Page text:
One-hundred years ago this month, the first motion picture studio was opened in Hollywood by David Horsley in the old Blondeau Tavern on the northwest corner of Sunset and Gower. However, it wasn’t the first time that filming took place in the environs of the future film capitol. In those days, movie companies would show up unexpected and unannounced and begin filming a scene, then just as quickly leave. One such event occurred just six months before Horsley’s arrival at the famed Hotel Hollywood, now the site of the Kodak Theatre. The following is the account as it was reported in the Los Angeles Times the following day.
Turn guns on bellboys
Los Angeles Times
April 14, 1911
Two stage miners cause panic at hotel while making of motion-picture film progresses
While the guests at the Hotel Hollywood were enjoying a quiet siesta on the wide verandas yesterday they were thrown into an incipient panic by the appearance of two very stagey-looking mining men riding typical desert broncos.
The men were looking about furtively as they drew rein before the hotel. The guests’ watched them curiously as they laboriously dismounted.
Just then the doors of the hotel opened and two youths, dressed elaborately as bellboys, rushed out to meet the newcomers. The bellboys grabbed at a heavy leather bag which the mining men were placing on the ground.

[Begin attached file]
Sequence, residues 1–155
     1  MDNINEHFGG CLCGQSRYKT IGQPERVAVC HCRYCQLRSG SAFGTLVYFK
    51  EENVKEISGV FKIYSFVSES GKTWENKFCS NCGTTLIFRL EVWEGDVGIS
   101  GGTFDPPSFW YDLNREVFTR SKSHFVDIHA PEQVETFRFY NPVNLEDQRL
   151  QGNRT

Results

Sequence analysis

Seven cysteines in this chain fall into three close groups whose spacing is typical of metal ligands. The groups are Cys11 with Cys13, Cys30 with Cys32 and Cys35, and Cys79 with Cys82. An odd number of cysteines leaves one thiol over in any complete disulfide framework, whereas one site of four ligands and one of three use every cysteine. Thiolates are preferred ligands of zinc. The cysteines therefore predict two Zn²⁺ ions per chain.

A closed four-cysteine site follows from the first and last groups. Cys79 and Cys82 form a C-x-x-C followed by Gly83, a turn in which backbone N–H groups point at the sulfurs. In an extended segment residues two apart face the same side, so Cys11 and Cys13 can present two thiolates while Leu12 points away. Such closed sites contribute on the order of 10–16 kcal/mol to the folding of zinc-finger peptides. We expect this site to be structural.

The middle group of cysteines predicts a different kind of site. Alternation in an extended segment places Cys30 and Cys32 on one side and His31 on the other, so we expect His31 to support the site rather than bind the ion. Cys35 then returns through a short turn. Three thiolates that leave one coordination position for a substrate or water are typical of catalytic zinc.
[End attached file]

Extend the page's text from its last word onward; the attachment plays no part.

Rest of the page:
Suddenly each of the mining men gave a shout, drew a large revolver and began firing indiscriminately at the bellboys. The hotel guests arose as one person and made a center rush for the doors leading into the lobby. They wedged themselves in the doorways and yelled for help. Children playing on the lawn yelled and fled for the crowded doorway.
Meanwhile the mining men were pumping away blithely with their revolvers. A third man appeared and the bombardment ceased. There was a moment’s conversation with a great deal of gesticulation and the mining characters, carrying their heavy leather pouch between them, marched up to the door of the hotel. The trembling bellboys were holding the miners’ horses. As soon as the mining men reached the shadow of the veranda they dropped their bag with a sigh and turned around genially to the peering and frightened faces of the guests.
“Gee,” said one, “these stunts are hard on we guys.”
The scene was staged for the benefit of the American Biography Company and was part of a long film now being made, which depicts the experience of two miners who strike it fabulously rich and have a strenuous experience at hotels owing to their suspicion of everyone who tries to carry their precious gold-laden leather pouch.
If anyone recognizes the plot and knows the title of this film, please post it here. Thank you.